SDS-resistant soybean varieties may reduce foliar symptoms by up to 80% and should be utilized as the best management practice for SDS. Some seed treatment fungicides may be effective, as well, especially when used in combination with resistant varieties. Management of soybean cyst nematode is also recommended because the nematode can cause SDS to develop earlier and become more severe in fields where both are present. Crop rotation with corn is not effective for management because the fungus can survive on corn kernels and other debris.

Frogeye Leaf Spot

Frogeye leaf spot is caused by the fungus Cercospora sojina. The fungus survives in infested crop debris and seed. Symptoms are small, irregular gray to brown lesions with dark borders. Disease is favored by warm temperatures and high relative humidity. In fields where there is a history of severe frogeye leaf spot disease, disease-resistant soybean varieties should be used and, when possible, the field should be rotated to a non-host crop.

Foliar fungicides can be very effective at managing the disease, especially when applied at R3-R5. However, resistance to the QoI fungicides (formerly called strobilurins) is becoming increasingly common in other states, including South Dakota and Iowa. If you have observed reduced control of frogeye leaf spot after a foliar fungicide application, please notify us in Nebraska Extension. Products containing active ingredients from multiple classes may be necessary to achieve adequate control. Product combinations with up to three modes of action are currently available.

Brown Stem Rot

Brown stem rot, caused by the fungus Phialophora gregata, infects roots and lower stems. The pathogen affects water and nutrient movement in the plant. Like SDS, infection may occur early, but leaf symptoms don’t develop until the reproductive stages. Plants may develop brown stems toward the base and lodge. Leaf symptoms may include interveinal chlorosis similar to SDS. One diagnostic feature of this disease is brown discoloration with stacked “disk-like” tissue in the center (pith) of split stems. Wet soils early in the season and moisture stress later support disease development. Planting resistant soybean varieties and crop rotation are important for management of brown stem rot.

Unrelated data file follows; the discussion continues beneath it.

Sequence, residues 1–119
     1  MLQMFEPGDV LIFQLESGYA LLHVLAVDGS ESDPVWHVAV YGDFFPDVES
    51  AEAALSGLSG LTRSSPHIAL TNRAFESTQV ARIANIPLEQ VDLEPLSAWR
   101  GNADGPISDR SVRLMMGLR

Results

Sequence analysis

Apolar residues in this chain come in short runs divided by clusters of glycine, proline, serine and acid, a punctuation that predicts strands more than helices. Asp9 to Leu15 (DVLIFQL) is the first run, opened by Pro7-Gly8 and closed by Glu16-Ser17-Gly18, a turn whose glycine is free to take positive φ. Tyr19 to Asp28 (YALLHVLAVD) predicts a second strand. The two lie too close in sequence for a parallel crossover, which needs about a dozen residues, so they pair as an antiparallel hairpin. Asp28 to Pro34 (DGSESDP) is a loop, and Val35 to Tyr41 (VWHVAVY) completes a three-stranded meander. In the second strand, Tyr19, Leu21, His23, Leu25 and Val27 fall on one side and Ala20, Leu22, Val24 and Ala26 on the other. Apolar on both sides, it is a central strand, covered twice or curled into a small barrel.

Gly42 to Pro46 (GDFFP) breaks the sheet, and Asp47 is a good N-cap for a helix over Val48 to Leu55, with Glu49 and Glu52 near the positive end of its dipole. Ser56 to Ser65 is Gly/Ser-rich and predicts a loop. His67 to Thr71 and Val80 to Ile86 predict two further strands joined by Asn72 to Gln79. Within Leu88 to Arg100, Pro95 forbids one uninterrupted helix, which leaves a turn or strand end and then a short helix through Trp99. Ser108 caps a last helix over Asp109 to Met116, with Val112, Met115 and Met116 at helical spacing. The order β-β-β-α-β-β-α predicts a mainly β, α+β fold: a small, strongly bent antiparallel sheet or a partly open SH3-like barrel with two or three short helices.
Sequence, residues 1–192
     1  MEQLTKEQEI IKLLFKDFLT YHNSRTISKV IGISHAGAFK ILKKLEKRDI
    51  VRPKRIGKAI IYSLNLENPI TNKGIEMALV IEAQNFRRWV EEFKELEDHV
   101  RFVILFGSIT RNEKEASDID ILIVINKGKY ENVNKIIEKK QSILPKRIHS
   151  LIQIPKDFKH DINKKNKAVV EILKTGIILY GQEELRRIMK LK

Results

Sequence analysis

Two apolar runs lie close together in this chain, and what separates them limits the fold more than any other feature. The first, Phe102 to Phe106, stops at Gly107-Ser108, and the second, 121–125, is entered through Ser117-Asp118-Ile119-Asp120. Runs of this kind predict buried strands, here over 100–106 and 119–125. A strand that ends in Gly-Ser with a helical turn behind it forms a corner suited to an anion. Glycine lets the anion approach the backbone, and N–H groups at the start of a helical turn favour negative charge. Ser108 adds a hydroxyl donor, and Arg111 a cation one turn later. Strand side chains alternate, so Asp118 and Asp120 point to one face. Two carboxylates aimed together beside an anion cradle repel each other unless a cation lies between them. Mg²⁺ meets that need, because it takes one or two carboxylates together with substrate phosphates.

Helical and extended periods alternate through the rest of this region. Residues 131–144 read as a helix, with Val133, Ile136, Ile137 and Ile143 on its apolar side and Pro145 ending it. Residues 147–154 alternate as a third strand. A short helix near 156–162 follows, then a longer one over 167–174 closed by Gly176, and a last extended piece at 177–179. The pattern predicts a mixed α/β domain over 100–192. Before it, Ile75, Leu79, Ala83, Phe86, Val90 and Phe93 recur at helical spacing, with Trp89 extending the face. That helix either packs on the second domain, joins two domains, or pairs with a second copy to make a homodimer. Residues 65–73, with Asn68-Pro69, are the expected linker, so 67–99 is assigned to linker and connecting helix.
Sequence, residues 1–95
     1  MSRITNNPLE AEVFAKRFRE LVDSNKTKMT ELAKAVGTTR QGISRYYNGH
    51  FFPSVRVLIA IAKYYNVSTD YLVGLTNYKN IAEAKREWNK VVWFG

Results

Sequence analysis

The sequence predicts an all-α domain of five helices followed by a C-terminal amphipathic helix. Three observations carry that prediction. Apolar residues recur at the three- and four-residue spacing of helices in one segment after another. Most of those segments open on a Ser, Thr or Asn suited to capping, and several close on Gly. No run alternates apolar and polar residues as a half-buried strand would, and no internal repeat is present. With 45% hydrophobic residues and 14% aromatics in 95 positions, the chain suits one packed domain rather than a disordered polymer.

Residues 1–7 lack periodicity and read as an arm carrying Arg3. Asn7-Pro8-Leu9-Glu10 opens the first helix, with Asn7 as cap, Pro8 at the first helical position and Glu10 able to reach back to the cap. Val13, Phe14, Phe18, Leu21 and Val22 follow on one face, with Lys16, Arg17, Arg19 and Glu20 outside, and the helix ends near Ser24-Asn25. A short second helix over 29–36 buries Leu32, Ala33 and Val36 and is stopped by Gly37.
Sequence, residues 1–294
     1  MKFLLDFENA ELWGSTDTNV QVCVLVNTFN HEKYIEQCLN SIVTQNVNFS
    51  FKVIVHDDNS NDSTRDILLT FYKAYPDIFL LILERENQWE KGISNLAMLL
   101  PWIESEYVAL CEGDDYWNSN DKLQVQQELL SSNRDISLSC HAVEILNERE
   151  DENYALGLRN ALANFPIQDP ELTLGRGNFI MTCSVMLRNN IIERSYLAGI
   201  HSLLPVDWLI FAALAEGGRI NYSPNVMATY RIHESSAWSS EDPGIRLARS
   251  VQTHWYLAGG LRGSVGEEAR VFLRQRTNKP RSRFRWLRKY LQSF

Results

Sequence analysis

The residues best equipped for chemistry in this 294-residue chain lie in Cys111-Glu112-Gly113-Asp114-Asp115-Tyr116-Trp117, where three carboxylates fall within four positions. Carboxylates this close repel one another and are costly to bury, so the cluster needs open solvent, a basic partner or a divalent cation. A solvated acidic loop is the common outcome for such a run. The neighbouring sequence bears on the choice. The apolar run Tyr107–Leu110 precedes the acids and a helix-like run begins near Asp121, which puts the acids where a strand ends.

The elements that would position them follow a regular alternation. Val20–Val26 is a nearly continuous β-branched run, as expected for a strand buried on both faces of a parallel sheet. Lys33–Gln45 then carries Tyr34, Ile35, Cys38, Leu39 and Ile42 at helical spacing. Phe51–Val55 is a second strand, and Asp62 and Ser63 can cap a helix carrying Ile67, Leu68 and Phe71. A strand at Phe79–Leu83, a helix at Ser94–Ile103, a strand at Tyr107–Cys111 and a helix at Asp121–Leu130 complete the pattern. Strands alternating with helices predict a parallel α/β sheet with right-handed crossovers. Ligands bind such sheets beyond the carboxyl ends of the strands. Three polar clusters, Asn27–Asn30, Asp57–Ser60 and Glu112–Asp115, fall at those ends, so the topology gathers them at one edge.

White Mold

White mold is caused by the fungus Sclerotinia sclerotiorum. The disease is common in many areas of the state and is supported by frequent moisture and cooler temperatures. Initial infection is through senescing flower petals. Narrow row spacing, which supports early canopy closure and higher relative humidity in the canopy, supports disease development. Dead plants may appear singly or in patches in the field with white fungal growth evident in and on the stems. Infected stems may become bleached and stringy. Stems and seed pods may also contain hard, black fungal structures (sclerotia) that resemble rat droppings. Sclerotia fall to the ground during harvest and survive for years until field conditions are favorable for sporulation and infection of susceptible crops again.

Grass crops, like corn, grain sorghum, and small grains, do not develop white mold; however, crop rotation is not helpful for reducing disease because of the longevity of the fungus in sclerotia. Fungicides can effectively control the disease when applied during flowering in fields with a history of white mold and favorable conditions. Fungicides are most effective when applied at flowering and are less effective when applied once symptoms are visible on the plant. Planting in 30-inch rows (instead of narrow drilled rows) helps to promote air movement in the canopy and a reduction in relative humidity.

Bacterial Blight

Bacterial blight is caused by Pseudomonas savastanoi pv. glycinea. Bacterial blight is very common in soybean fields this year because of the frequent rainfall and high relative humidity. Leaf symptoms usually start in the upper, younger leaves because they are most susceptible. Small, irregular shaped reddish-brown lesions are surrounded by yellow haloes. Lesions may fall apart, giving leaves a tattered appearance. The bacteria survive in crop debris and seed. Disease is favored by rainstorms, high winds, and hail, as well as cooler temperatures.

Identification and Management

Accurate diagnosis is critical for effective crop disease management. Symptoms of some of these and other diseases can appear very similar, but management strategies vary greatly.

Nebraska Corn Internships Announced

Over the last several years, Nebraska Corn has provided real-world experiences and opportunities for college interns. These students work directly with Nebraska Corn cooperating organizations including the U.S. Grains Council, the U.S. Meat Export Federation and the National Corn Growers Association.

Each year, Nebraska Corn offers several internship opportunities. Six of the internships are located outside of the state and the other two are located in the offices of the Nebraska Corn Board and the Nebraska Corn Growers Association, both in Lincoln, Nebraska. All eight opportunities are paid internship experiences. Applications for these internships are now available at  Descriptions and applications deadlines can be found below.

2020-2021 Internship Opportunities

Communications and Outreach Internship
Host: Nebraska Corn Growers Association
Location: Lincoln, Nebraska
Duration: May 2020 – May 2021
Application Due Date: Nov. 1, 2019

**New Option for 2020**

International Relations Internship (Deadline quickly approaching!)
Host: U.S. Grains Council
Location: Washington, D.C.
Duration: Jan. 2020 – May 2020 (with option to continue for a full year)